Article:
The meeting was the latest in a series of efforts that suggest Dell (the company) really is getting serious about listening to customer complaints. Over the past year, Dell support reps have monitored the comments section of blog posts, looking for customers with new complaints and offering them individual help options. They've set up an e-mail alias ( to deal with unresolved support issues. And they've set up their own blog.

It takes a long time to undo the sort of damage that poor support did to Dell's corporate reputation in the past two years. Whether the company can turn "Dell Hell" into "Dell Help" as its chairman insists is still an open question. But so far, it's making all the right moves.

Topic: Dell

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  • Yes, Dell makes money on crapware.

    But when GeekSquad charges $229 to turn on a new computer, I'd say that the revenue source has turned into an imposition.

    Customer satisfaction sometimes conflicts with revenue maximization. Sometimes the buyer should win.
    Anton Philidor
    • Why would anyone call the geek squad?

      Their prices are obscene and I've had to follow up on numerous occasions and fix a pc that they "repaired". I charge a flat $35/hour for house calls and 90% of repairs can be done in less than 1 1/2 hours. It took me one hour to get a dell out of the box and completely set up with all trialware gone, new AV software, e-mail set up and data migrated from the old computer. Cost $35.00.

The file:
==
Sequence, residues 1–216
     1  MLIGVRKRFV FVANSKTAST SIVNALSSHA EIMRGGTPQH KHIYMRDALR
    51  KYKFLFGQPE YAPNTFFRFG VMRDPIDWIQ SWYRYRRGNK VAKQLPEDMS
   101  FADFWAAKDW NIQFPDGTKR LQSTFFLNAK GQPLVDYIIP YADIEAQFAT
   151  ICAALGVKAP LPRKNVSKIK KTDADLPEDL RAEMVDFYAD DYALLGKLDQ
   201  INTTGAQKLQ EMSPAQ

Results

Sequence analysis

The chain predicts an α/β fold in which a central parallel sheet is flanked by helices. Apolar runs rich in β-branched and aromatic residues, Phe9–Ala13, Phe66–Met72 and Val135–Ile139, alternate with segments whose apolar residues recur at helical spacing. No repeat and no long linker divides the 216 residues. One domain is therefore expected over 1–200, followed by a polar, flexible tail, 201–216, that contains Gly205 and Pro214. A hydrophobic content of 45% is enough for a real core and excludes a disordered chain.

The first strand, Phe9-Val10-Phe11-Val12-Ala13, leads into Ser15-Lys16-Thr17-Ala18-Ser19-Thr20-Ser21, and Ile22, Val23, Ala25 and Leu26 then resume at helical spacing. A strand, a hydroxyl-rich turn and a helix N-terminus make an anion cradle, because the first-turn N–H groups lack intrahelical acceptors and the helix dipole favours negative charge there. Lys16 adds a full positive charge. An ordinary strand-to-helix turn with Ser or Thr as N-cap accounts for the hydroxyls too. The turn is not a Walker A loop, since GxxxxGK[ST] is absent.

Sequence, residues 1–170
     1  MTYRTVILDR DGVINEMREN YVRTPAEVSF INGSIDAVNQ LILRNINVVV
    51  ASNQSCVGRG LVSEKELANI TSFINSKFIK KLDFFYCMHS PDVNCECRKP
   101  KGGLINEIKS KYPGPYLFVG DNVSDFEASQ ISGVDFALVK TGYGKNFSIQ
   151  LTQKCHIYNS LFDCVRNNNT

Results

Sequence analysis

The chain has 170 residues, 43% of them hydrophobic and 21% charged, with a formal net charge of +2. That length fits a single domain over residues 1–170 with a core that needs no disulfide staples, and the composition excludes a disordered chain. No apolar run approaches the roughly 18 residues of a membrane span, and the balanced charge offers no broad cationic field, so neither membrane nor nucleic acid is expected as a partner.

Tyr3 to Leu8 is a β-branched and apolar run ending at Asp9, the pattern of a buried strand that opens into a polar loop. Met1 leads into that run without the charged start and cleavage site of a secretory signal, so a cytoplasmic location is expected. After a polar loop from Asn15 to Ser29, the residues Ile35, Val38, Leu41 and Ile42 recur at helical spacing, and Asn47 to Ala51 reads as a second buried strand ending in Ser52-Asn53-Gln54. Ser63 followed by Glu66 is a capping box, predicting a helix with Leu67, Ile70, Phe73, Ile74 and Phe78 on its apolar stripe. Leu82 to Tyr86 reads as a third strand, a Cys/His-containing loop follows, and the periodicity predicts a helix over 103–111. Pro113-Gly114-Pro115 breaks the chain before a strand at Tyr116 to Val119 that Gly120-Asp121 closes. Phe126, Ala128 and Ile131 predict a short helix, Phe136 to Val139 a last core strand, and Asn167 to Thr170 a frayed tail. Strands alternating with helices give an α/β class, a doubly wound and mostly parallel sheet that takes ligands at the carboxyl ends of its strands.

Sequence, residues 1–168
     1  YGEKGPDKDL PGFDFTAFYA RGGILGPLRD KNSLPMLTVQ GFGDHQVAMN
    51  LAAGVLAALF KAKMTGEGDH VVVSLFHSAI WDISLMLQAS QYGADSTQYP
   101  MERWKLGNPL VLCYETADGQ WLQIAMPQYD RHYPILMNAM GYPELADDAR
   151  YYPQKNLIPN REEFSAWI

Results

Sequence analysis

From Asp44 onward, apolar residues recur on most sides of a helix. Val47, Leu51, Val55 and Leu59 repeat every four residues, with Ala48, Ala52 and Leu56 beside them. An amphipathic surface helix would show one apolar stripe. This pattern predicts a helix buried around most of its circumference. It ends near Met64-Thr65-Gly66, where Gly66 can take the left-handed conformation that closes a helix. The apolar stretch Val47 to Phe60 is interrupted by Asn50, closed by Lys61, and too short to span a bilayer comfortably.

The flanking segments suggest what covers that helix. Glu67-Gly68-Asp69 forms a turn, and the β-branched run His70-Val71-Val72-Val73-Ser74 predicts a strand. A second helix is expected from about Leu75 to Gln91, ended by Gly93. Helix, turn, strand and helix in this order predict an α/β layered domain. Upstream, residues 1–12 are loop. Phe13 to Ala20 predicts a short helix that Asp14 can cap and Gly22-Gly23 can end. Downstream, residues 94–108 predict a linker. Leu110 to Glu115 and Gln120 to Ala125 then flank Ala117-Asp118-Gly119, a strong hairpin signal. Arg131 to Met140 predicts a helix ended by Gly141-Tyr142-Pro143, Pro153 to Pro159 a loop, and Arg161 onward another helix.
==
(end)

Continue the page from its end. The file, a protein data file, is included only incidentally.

skeptic tank
      • Why would Geek Squad charge $229?

        Companies rarely maintain prices too high for the market.

        So there's a market of new computer owners who are willing to pay a substantial percentage of the cost of the new computer in order to avoid being the first to turn it on.

        There's probably more than one reason that market exists, but one of those reasons must be the crapware that swarms over people when encountering a new computer.

        You're right about how long getting a new computer running takes, though getting Office and XP upgrades installed can add considerable time.
        I like to use Your Uninstaller to make certain all the crapware is caught. Uninstalling crapware programs can leave a great deal of debris.

        I don't charge my friends, except that I expect food and drink afterwards, but $35 per hour seems inexpensive these days. Given the through-the-door charge of most appliance repairmen.
        Anton Philidor
        • Go look at the price list

          That price includes purchase and installation of antivirus and antispyware software plus some optimizations. So it's kind of unfair to characterize it as the OP did.
          Ed Bott
          • Greed Squad

            Yeah, $249 to install the operating system and all updates. Software (OS) not included.

            Such a deal!
            M.R. Kennedy
          • So what's a fair price?

            The $249 you quote is the in-home price. The price is $129 if you bring the computer in to a store. Presumably the extra $120 is compensation for travel time and for the technician having to work in an unpredictable space. This sounds analogous to what many auto repair shops do, which is to charge a flat rate for a specific type of job rather than billing on a straight time and materials basis where they could be accused of working slow and racking up extra charges.